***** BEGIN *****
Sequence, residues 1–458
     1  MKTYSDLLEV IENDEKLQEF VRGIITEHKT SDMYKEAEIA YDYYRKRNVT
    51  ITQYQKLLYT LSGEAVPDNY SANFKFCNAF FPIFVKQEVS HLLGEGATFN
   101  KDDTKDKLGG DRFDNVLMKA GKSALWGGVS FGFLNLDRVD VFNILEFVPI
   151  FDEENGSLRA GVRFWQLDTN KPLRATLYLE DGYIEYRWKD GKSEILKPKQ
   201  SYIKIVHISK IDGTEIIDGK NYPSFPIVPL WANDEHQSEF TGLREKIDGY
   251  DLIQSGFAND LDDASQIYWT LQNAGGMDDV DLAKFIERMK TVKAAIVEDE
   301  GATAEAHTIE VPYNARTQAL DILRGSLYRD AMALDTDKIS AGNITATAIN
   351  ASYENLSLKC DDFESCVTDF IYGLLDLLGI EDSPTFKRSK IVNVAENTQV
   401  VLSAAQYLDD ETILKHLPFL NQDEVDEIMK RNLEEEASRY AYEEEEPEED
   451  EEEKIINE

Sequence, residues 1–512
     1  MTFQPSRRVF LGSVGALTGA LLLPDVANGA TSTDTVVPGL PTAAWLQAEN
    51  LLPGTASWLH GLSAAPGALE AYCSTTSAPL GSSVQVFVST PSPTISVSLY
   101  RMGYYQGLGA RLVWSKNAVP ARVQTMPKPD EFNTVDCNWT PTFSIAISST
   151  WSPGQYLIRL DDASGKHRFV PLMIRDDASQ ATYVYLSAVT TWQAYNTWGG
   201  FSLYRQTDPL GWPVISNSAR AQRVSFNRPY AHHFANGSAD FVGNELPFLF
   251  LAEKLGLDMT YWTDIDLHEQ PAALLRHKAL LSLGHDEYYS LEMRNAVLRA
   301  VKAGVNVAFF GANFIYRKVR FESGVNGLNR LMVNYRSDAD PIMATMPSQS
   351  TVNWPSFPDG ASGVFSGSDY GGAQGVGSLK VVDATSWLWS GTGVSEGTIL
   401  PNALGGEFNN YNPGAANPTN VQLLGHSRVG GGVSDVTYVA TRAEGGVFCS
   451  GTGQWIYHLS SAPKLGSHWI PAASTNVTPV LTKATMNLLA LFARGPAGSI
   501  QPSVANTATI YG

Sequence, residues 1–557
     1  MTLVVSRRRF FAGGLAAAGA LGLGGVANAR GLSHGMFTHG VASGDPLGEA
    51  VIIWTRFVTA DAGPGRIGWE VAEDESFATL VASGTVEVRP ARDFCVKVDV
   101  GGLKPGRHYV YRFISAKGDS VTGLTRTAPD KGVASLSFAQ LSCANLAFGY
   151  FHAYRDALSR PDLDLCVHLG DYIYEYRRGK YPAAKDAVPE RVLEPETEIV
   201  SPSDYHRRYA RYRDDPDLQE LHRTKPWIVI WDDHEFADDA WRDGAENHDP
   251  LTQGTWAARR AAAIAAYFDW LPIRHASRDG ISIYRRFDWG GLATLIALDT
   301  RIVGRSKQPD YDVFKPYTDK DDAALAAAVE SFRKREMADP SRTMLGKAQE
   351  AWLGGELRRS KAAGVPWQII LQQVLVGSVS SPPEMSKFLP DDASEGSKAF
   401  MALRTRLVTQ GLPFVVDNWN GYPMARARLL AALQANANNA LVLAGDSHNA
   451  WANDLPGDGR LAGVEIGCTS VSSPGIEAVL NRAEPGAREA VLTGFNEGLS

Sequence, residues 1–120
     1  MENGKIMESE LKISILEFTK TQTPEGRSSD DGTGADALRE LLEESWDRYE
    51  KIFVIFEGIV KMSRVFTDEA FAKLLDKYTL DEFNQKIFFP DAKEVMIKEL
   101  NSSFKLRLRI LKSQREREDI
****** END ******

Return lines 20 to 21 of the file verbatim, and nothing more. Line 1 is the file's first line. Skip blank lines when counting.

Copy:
   351  TVNWPSFPDG ASGVFSGSDY GGAQGVGSLK VVDATSWLWS GTGVSEGTIL
   401  PNALGGEFNN YNPGAANPTN VQLLGHSRVG GGVSDVTYVA TRAEGGVFCS